The term “greenhouse gas” itself refers to the “greenhouse” effect observed in greenhouses, where temperatures rise much higher than the surrounding area. As the entire planet experiences this warming effect, all of Earth’s other systems are being disrupted, with increasingly catastrophic results.

For example, warming temperatures have rearranged global rain patterns, inundating some areas with flooding of biblical proportions while depriving other areas of all moisture. Similarly, rising temperatures make it more difficult to obtain water (hydrosphere), melt the remaining ice caps (cryosphere), dry out the soil (geosphere), and kill animal and plant life (biosphere).

These impacts have cascading public health implications and disproportionately affect the world’s poorest and most marginalized communities, who lack the wealth to adapt. More than 13 million people are already dying every year as a result of climate change – and these are just deaths that can be clearly assigned. It’s likely that many more deaths are due to food and water shortages and extreme pollution – problems that will only get worse in the years to come if we don’t act.

But the measures to end this crisis are known and readily available.

Planetary Health

When the planet heals, so does human health.

But turning the planet into a source of continuous health requires transformative action across human society and the development of new value systems, according to the Planetary Health Alliance and Indigenous leaders around the world.

First and foremost, the fossil fuels that heat the planet must be phased out and replaced with alternative sources of clean energy, while countries also work to increase energy efficiency in infrastructure around the world. If countries manage to halve emissions by 2030, the path of keeping temperatures no more than 1.5 degrees Celsius above pre-industrial levels remains a viable one, and the worst aspects of the climate crisis can be avoided.

The health benefits of transitioning away from fossil fuels would be immediate in the form of cleaner air and water and fewer deadly heat waves.

The second important way to promote the health of the planet is the conservation and restoration of wildlife, which protects 50% of the world’s terrestrial and marine environments from overexploitation by humans. According to the World Health Organization, robust biodiversity provides humanity with food, clean water, clean air and medicine, and protects human communities from natural disasters that would otherwise cause harm.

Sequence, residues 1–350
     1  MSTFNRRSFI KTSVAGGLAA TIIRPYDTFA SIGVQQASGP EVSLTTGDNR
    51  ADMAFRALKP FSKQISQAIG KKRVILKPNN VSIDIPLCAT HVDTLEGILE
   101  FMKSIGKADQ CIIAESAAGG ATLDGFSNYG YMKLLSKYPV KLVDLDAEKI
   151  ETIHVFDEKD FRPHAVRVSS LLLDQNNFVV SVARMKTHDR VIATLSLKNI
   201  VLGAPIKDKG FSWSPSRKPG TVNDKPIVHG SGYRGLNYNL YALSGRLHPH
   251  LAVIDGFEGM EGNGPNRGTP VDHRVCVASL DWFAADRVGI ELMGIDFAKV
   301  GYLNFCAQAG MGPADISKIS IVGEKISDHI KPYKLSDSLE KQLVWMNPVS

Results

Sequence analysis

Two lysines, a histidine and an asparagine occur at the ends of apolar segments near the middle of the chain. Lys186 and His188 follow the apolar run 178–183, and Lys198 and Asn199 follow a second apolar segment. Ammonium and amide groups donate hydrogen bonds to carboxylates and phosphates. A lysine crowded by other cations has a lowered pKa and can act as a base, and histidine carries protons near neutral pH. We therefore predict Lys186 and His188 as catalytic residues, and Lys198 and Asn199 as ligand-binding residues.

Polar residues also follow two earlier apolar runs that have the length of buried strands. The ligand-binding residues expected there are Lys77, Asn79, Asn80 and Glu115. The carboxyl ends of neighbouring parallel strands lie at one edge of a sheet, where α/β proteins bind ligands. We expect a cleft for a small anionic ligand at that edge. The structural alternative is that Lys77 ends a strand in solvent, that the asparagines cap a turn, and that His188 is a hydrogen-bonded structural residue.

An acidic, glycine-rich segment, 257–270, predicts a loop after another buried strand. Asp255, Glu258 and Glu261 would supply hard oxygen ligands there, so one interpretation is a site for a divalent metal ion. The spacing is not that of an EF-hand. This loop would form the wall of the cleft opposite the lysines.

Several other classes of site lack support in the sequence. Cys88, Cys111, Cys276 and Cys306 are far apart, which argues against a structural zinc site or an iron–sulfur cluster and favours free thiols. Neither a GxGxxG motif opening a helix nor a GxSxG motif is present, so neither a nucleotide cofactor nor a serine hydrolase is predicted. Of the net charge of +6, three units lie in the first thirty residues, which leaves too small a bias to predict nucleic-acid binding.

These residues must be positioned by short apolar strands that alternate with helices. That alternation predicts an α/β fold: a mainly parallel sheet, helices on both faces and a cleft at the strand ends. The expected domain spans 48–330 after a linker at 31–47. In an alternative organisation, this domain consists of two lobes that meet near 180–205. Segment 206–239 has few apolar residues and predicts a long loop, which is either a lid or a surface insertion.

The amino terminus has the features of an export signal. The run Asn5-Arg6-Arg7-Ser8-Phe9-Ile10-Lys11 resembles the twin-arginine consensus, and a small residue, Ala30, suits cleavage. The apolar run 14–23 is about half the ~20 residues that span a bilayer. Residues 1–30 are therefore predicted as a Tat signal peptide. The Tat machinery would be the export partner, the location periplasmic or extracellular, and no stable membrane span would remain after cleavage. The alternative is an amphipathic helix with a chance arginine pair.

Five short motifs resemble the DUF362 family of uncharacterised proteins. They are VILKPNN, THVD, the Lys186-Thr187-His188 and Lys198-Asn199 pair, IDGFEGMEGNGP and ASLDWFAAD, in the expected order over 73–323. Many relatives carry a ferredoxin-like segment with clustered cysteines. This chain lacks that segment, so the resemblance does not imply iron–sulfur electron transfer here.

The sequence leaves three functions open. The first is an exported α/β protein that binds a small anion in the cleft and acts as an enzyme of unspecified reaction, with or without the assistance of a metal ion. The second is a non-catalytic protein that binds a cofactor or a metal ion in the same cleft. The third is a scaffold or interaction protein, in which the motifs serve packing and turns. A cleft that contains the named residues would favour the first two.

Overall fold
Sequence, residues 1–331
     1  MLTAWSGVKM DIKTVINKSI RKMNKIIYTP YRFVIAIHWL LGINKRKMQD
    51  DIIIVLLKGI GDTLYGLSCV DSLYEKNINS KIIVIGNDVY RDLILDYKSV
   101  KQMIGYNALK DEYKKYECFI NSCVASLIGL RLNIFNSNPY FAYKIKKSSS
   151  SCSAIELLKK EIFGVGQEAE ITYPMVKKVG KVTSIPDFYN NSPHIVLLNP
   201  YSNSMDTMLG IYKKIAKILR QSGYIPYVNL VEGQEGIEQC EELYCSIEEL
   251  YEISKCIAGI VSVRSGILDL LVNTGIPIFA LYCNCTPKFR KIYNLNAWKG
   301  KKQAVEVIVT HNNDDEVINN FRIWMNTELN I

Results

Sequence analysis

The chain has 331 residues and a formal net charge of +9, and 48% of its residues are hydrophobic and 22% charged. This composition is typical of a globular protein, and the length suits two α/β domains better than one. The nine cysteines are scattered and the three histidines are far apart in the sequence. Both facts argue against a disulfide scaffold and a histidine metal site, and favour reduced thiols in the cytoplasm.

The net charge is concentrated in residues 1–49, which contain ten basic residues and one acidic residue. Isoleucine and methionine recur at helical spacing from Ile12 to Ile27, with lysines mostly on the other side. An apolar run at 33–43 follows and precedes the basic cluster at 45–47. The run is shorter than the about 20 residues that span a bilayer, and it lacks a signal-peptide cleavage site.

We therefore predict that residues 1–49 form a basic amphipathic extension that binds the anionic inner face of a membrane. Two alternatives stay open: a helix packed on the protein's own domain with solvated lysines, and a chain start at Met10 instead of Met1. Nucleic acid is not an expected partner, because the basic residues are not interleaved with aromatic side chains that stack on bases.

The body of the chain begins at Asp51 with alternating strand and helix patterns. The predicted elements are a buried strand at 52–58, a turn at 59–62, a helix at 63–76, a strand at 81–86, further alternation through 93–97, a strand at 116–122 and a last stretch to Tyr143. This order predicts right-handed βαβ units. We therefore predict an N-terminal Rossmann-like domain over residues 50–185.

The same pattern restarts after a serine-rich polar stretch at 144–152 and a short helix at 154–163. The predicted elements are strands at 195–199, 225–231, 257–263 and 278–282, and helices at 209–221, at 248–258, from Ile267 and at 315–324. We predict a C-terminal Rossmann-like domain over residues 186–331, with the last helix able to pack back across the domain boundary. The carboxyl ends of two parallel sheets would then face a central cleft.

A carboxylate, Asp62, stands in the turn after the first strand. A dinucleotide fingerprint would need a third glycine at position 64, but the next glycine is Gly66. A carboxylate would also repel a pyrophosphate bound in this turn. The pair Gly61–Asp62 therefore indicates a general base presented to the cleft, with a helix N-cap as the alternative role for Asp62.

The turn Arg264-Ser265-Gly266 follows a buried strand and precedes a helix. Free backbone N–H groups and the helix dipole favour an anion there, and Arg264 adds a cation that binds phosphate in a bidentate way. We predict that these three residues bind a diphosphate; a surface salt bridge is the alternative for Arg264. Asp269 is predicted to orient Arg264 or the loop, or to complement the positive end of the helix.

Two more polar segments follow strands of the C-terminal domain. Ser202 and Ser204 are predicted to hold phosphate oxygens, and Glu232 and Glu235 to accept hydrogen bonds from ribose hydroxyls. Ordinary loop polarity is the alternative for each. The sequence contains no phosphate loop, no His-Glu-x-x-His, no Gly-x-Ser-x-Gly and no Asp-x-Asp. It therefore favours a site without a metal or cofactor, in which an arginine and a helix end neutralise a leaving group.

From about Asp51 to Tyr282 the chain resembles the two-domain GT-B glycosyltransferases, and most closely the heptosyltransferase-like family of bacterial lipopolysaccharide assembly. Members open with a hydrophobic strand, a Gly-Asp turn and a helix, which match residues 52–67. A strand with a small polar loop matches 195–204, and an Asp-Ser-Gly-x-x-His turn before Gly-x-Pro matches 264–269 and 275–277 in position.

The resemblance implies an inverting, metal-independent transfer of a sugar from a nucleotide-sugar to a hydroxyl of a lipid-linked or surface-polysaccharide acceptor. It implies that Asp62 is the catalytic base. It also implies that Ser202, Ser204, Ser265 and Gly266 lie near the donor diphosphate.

The vast majority of humanity will live in cities by mid-century, and proponents of planetary health are calling for urban centers to be turned into havens for wildlife, teeming with green spaces, food production, and recreational opportunities. Many of the world’s largest cities are places of extreme pollution due to over-reliance on gas-powered cars and little regulation of factories. By replacing cars with buses, bikes, trains and electric ridesharing, cities can become healthier environments that relieve asthma instead of igniting it.

Another way to improve the health of people and planet is by transforming food systems. Currently, the world’s most important modes of food production—factory farming, industrial agriculture, trawling—are depleting and degrading wildlife and natural resources. These practices are guided by the pursuit of short-term gains with little regard for long-term resilience and have no place in the future.

By adopting regenerative forms of agriculture, countries can produce more food while healing the planet’s forests, grasslands, and water bodies. Creating global ocean regulations allows fish populations to recover and thrive again. And by adopting a plant-based diet, the extremely harmful factory farming model can be abolished.

In fact, scientists have even developed a “Planetary Health” diet that, if widely adopted, would reduce stress on the planet while producing enough calories to feed everyone.

The planet is remarkably resilient and capable of healing when humanity becomes a partner rather than an enemy. All human health and well-being comes from the earth, from the oxygen we breathe to the nutrients we ingest, to the water we drink to the medicines we take. And we all have a role to play in advocating for the vision of planetary health.

“The moment we are facing requires more than rapid innovation in our technologies and practices,” said Sam Meyers, the director of the Planetary Health Alliance. “Behind the ecological crisis we have created and the global health crisis it is creating is a spiritual crisis.”

He added: “We must weave a new fabric, with threads of indigenous knowledge, the world’s belief traditions, literature and art, that affirms our spiritual connection to the natural world. Our history of human exceptionalism, exploitation, domination and scarcity and ultimately extinction must give way to new histories and values ​​of interdependence, justice, abundance, regeneration and renaissance.”